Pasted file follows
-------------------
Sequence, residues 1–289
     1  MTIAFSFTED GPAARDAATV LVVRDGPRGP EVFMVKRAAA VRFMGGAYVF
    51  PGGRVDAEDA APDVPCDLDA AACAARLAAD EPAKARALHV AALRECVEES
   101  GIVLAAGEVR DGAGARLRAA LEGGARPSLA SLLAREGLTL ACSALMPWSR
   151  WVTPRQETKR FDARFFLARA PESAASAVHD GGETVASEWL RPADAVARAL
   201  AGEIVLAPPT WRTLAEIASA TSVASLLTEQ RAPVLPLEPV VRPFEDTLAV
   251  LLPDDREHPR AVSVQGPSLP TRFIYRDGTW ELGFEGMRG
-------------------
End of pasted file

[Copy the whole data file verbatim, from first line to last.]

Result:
Sequence, residues 1–289
     1  MTIAFSFTED GPAARDAATV LVVRDGPRGP EVFMVKRAAA VRFMGGAYVF
    51  PGGRVDAEDA APDVPCDLDA AACAARLAAD EPAKARALHV AALRECVEES
   101  GIVLAAGEVR DGAGARLRAA LEGGARPSLA SLLAREGLTL ACSALMPWSR
   151  WVTPRQETKR FDARFFLARA PESAASAVHD GGETVASEWL RPADAVARAL
   201  AGEIVLAPPT WRTLAEIASA TSVASLLTEQ RAPVLPLEPV VRPFEDTLAV
   251  LLPDDREHPR AVSVQGPSLP TRFIYRDGTW ELGFEGMRG